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Szechuan chicken, Shangainese pork ribs and those Hutong dumplings.

When dinner starts with dumplings and ends in deep fried ice cream, you know you're onto a good thing. Of course, you don't have to tell that to Hutong — they've known it all along. Their two restaurants, one in Chinatown and the other in Prahran, have found a happy place between dirt cheap and fine cuisine in Melbourne's world of Chinese dining. And their newest venture, East, is an extension of the Hutong philosophy, bringing a slightly different experience — and more dumplings — to the top eastern end of the city.

East is a little bit more fancy than the Hutong we're used to; bespoke lighting, black steel tables and wall planters complement a jade and concrete colour palette. Clever design breaks up the room, giving the 50-something diners an intimacy not usually afforded with casual Chinese dining. There's a refined wine list and lychee martinis, as well. It's definitely less Chinatown and more Little Collins, but — whether it's the fact that the restaurant sits underneath the Sheraton — there's still something that seems a little conservative about it all.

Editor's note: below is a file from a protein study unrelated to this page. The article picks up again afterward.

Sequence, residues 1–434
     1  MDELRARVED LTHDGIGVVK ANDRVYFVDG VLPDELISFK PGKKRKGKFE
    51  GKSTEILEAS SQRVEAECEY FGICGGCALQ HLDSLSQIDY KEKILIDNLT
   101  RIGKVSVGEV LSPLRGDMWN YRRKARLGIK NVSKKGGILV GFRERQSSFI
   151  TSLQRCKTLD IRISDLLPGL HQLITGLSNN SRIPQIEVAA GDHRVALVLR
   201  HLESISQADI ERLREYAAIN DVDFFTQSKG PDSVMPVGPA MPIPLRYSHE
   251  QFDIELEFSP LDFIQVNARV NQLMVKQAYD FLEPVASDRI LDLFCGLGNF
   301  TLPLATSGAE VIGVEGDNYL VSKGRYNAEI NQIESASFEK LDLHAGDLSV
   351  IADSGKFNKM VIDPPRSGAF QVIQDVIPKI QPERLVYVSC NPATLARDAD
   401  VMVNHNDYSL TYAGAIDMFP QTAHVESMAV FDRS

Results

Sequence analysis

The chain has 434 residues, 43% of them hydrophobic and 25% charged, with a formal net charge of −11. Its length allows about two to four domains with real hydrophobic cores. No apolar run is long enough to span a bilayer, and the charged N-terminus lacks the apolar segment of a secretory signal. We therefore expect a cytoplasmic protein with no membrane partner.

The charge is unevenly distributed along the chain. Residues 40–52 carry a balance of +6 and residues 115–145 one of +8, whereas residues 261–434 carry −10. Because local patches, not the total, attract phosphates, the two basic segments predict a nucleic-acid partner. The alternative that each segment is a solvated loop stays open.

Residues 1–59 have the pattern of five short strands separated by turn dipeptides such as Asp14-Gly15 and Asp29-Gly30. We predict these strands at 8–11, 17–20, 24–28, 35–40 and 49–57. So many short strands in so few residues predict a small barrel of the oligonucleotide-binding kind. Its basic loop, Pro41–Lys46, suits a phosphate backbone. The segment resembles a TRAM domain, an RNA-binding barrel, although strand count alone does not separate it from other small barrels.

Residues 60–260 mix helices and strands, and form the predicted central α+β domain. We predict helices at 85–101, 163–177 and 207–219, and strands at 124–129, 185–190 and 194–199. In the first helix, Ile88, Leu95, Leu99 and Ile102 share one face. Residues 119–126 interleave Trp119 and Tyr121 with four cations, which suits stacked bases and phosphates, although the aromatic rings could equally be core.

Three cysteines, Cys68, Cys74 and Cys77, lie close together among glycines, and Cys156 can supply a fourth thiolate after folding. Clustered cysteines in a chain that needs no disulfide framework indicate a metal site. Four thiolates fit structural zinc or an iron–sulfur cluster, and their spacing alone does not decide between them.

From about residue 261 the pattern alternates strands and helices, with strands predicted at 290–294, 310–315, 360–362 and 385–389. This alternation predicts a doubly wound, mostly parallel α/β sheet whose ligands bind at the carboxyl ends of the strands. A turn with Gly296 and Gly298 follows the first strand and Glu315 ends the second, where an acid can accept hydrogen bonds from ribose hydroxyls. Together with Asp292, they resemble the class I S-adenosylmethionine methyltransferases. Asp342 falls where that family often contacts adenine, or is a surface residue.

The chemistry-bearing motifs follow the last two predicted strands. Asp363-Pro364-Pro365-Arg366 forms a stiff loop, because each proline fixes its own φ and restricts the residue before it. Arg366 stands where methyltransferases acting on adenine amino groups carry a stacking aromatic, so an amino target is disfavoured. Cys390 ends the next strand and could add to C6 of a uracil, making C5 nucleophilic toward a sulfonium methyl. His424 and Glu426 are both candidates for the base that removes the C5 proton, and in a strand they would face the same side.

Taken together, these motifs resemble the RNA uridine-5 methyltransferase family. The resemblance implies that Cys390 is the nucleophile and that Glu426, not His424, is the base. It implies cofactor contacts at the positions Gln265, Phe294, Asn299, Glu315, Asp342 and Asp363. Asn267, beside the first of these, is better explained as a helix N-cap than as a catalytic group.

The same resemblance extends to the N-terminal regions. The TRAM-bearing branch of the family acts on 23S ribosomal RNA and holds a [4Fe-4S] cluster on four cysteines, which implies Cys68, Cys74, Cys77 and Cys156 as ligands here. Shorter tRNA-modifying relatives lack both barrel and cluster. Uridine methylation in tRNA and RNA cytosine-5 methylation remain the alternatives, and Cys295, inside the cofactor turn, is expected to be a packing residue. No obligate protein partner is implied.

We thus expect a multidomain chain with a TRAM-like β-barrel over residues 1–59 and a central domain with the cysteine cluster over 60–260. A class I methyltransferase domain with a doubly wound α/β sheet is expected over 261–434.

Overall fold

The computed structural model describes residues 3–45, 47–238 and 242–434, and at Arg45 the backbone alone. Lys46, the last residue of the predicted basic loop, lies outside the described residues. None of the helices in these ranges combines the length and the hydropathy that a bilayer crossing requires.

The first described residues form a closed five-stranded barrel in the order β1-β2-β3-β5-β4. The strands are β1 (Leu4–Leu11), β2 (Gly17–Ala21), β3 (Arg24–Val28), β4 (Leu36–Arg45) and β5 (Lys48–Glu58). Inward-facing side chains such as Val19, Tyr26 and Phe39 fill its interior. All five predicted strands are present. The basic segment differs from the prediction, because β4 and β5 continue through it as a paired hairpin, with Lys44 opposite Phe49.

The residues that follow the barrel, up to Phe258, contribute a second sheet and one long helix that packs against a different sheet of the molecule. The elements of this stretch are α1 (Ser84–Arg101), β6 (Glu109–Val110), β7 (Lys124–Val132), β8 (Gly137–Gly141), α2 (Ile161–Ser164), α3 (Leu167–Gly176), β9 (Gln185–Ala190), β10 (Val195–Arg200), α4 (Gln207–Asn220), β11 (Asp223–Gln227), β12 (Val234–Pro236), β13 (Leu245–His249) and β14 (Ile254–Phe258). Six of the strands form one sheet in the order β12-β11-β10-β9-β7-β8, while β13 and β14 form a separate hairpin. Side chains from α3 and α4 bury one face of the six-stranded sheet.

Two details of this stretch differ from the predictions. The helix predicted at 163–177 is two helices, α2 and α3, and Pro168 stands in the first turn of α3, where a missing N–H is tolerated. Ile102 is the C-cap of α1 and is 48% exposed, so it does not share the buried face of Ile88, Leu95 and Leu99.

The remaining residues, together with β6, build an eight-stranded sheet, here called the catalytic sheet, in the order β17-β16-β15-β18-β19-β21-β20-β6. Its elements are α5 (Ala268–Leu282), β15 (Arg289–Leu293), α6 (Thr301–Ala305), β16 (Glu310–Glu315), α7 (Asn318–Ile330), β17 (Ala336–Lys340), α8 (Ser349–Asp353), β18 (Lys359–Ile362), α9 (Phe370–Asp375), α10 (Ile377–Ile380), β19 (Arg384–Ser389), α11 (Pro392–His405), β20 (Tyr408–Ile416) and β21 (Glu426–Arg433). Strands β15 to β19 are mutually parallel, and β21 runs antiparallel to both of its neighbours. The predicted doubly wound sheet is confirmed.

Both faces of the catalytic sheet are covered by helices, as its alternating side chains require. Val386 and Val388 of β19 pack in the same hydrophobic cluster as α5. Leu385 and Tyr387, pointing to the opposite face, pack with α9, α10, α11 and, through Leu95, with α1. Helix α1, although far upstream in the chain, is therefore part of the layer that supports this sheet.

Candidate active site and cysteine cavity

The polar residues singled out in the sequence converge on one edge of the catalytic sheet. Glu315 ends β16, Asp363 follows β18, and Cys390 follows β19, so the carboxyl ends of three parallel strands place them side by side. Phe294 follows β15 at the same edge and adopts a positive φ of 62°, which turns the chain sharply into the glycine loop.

Although looks may differ, there's still very much a constant here: dumplings. Their signature wontons in chilli sauce have (thankfully) made it across to East's menu (albeit at a slightly higher price of $11.80 for eight), as have their coveted xiao long bao. But before you dive in to the tried and trusted, consider some other sharing alternatives new to East. The steamed Szechuan chicken roti rolls are Westerner-friendly with a healthy amount of spice to awaken your taste buds, and the fried potato balls are one of those deliciously bad deep fried foods you wish you never became acquainted with.

The chilli stir-fried string beans ($16.80) are technically an accompaniment, but they come out as one of the best dishes on the menu. That's not to say you should skip the big stuff though — the Shanghainese pork spare ribs come out looking like a monstrosity, but the pieces of pork are juicy, fatty, and served with super soft bao pillows for enjoyment on-high.

And enjoyment is what it's all about at East — enjoyment of space and service, as well as food and wine. So while you're at it, enjoy some deep fried ice cream without being hounded out of your seat. You can still go to Hutong, but now you can go East as well.

Published on November 26, 2014 by Lauren Vadnjal

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